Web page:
The surprising affect your friends have on your New Year’s resolutions

“Show me your friends and I’ll show you your future.” – Russian Proverb

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We are almost 8 weeks into the new year. How are your New Year’s resolutions? Many people don’t even set a New Year’s resolution, (or goals), but many do. And they typically struggle. In fact, according to a survey conducted by time management experts FranklinCovey, a full 35 percent of New Year’s resolutions are broken before the end of January of the successive year.

Why do so many people fail to change so frequently?

That’s a BIG topic, but let’s start with addressing one of the most critical factors – the power of your peer group.

Parents and teachers are keenly aware of the power of peer groups to influence behavior and, ultimately, their lives. Are you?

Try this simple exercise:

  1. Write down the names of the five people you spend the most time with on an average week.
  2. Pick one area of your life such as financial (debt, income, etc.), health (fitness level, weight, etc.), relationships (spouse, friends, family), etc.

It’s been said we are the average of the five people we spend the most time with.  If you are honest – really honest – is that true in your case? Look at your top five peer list and hold them up to your level in any category; what do you find?

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If you want better results start with being very aware of your peer group. (Just like your mother told you.)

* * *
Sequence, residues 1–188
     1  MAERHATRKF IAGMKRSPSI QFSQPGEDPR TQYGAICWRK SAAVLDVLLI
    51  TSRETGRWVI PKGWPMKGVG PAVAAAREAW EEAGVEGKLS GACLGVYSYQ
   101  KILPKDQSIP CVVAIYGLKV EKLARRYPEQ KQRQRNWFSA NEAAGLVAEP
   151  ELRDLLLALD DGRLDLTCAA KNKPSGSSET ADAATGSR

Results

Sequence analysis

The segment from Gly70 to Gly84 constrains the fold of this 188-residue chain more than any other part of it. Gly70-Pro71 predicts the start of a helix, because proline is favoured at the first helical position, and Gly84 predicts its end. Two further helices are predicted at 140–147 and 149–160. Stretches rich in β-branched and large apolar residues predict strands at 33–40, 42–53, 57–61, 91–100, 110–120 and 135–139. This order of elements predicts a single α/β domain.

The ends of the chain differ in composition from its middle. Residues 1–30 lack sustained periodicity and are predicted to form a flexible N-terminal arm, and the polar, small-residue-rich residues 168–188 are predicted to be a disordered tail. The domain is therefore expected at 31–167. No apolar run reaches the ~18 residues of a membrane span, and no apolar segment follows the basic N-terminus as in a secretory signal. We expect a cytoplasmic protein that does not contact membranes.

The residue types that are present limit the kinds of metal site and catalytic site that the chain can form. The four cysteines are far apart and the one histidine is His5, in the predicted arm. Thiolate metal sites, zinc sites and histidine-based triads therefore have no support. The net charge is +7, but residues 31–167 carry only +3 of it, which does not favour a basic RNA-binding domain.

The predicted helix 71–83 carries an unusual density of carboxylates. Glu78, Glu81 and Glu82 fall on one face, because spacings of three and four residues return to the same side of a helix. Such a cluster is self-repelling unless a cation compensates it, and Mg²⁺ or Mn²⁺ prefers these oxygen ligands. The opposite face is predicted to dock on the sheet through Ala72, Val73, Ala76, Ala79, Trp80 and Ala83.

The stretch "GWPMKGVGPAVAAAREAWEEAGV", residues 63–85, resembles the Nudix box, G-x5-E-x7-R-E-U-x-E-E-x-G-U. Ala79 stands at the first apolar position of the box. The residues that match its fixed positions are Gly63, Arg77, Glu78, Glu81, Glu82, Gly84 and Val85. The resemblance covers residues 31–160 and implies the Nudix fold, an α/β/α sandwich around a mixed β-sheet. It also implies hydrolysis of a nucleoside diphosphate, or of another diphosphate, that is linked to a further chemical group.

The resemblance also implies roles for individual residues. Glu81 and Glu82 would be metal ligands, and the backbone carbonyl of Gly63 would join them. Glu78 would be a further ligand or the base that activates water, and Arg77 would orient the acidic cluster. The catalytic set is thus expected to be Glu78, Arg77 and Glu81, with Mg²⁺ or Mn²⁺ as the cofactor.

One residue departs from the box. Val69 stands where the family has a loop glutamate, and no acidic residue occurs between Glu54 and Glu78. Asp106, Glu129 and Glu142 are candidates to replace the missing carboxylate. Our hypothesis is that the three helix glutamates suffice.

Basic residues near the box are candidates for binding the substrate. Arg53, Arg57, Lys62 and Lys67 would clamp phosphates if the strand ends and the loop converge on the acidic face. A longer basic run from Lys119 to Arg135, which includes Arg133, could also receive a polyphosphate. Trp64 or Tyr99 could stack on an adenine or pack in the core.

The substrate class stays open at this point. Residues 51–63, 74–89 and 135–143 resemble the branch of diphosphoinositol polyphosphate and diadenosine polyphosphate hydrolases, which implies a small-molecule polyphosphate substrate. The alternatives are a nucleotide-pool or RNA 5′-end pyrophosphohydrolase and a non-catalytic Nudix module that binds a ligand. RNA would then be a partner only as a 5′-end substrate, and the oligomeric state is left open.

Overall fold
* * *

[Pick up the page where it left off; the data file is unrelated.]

See for yourself – Are you REALLY smarter than a 5th grader?

It’s almost high-stakes testing time again for students all across our land. Have you ever wondered if YOU are smarter than a 5th grader? Let’s find out…

Try it for yourself. Really. Give it a try. I dare you 😉

Test-Anxiety

Here are a few student assessment examples used in Colorado (These are best viewed on a computer, not smartphone or tablet):

How did you do?
Please leave a comment after you take a practice exam or two – I would love to hear your thoughts!

Quote & Question: little or BIG?

Don’t be afraid to give your best to what seemingly are small jobs, Every time you conquer one it makes you that much stronger. If you do the little jobs well, the big ones will tend to take care of themselves. – Dale Carnegie

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I believe I understand the point Mr. Carnegie was trying to make but my question for you is,

How do you balance “little jobs” and “BIG jobs”?

My mind jumps to balancing “details” and “VISION”.